Hoard's Dairyman Dairy News
As printed in our August 25, 2016 issue...
OVER $11 MILLION WENT TO DAIRY FARMERS for May-June milk production under the Margin Protection Program (MPP-Dairy). This represented the first substantial payments from the new farm bill program.
FARMERS WITH “BUY-UP” MPP-Dairy coverage received this assistance. Those at $6 margin coverage received 24 cents per hundredweight; $6.50, 74 cents; $7, $1.24; $7.50, $1.74; and $8, $2.24. Only 4,852 of the nation’s 43,000-plus farms received payments by purchasing additional coverage.
LOWER CHEDDAR OUTPUT in July bolstered spot cheese prices. American cheese production, which includes Cheddar, fell 2.6 percent from one month earlier. Butter also fell 10.6 percent during the same time. At mid-August press time, spot cheese had climbed to $1.88 per pound.
WITH GLOBAL SUPPLY/DEMAND slowly coming back into balance, Class III futures continue to inch up with September’s high of $17.01 and February’s low of $16.01 for a six-month average of $16.48. Meanwhile, New Zealand’s Fonterra held its 2016-2017 forecast at $11.34.
DAIRY DEMAND COULD GROW 0.8 to 1.7 percent globally through 2025, predicted the United Nations. Milk output could expand 1.8 percent.
CATTLE PRICES CONTINUE TO SOFTEN. In late July, slaughter prices dropped to the $1.10 per-pound range, a five-year low. In the past 90 days, dairy replacements fell nearly $200 to $1,730 per head.
AT $1,900, COLORADO DAIRY CATTLE fetched the top price, according to USDA’s Agricultural Prices. And with its drought, New York dairy replacements dropped to $1,590 per head, the lowest in the nation.
LAND PRICES FELL 1 PERCENT, the first drop since 2009, reported USDA. However, that wasn’t the case in the largest dairy states. Values in California rose 2.6 percent; Wisconsin, up 1.1; and Idaho, up 1.2.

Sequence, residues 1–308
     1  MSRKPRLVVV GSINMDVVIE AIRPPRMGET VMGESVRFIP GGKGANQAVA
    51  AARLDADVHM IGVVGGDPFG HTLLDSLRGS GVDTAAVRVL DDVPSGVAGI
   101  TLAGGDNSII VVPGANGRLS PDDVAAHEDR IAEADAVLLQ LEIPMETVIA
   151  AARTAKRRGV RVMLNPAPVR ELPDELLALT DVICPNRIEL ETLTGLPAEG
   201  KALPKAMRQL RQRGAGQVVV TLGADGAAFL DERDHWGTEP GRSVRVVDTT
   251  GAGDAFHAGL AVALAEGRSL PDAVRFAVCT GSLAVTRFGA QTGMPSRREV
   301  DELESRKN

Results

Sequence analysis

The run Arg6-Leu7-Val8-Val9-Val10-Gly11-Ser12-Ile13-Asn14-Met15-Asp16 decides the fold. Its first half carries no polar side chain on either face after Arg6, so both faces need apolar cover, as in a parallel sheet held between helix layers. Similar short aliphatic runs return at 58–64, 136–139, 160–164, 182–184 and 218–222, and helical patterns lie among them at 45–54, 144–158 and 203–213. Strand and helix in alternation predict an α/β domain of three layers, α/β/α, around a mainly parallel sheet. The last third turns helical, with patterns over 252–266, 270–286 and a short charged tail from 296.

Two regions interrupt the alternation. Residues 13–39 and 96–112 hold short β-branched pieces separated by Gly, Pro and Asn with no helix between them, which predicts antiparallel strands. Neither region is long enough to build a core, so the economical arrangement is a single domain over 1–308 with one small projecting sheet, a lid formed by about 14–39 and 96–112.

PROFITS WERE HARD TO COME BY IN 2015,based on financial data from the nation’s largest dairy accounting firm. Only Texas at $74 per cow (33 cent per cwt.), and the Lower Plain States at $103 per cow (43 cents per cwt.), eked out a profit, reported Genske, Mulder & Company.
CALIFORNIA SUFFERED the largest losses at $590 per head or $2.25 per cwt. Other losses included: New Mexico, $332 or $1.54; Idaho, $332 or $1.39; Arizona, $277 or $1.19; Washington, $214 or 89 cents; Colorado, $90 or 38 cents; and the Upper Plains States, $59 or 21 cents.
FOUR U.S. DAIRY GROUPS APPEARED among Rabobank’s largest dairy companies headlined by Dairy Farmers of America at Number 4. Rounding out the group were: Dean Foods, No. 10; Kraft Heinz, No. 13; and Schreiber Foods, No. 18. Nestle topped the list at $25 billion in sales.
In your September 10, 2016 issue...
YOUR GUIDE TO THE HISTORIC 50TH WORLD DAIRY EXPO.
Read this 74-page supplement to learn more about the 50 years leading up to this year’s show and to plan your trip to the October 4 to 8 event.
SERVING UP THE VERY FIRST MEAL.
What matters more: the amount of colostrum fed or the method in which it is delivered?
IT STARTED WITH A JUG.
In 2004, McDonald’s revolutionized how milk was offered in Quick Service Restaurant chains. These days, 80 percent of the items on the McDonald’s menu include dairy.